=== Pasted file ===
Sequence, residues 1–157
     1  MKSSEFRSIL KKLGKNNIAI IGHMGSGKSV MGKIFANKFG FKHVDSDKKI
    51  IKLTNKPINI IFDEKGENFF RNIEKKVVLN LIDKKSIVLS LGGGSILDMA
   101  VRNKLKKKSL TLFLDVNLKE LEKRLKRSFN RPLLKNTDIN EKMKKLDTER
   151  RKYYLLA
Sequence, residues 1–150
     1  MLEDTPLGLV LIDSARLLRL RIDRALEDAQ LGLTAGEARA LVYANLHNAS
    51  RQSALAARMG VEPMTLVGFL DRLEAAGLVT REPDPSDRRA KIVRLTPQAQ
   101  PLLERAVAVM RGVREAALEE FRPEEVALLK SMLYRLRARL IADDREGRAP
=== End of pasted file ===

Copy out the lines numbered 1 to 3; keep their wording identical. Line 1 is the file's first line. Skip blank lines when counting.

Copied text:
Sequence, residues 1–157
     1  MKSSEFRSIL KKLGKNNIAI IGHMGSGKSV MGKIFANKFG FKHVDSDKKI
    51  IKLTNKPINI IFDEKGENFF RNIEKKVVLN LIDKKSIVLS LGGGSILDMA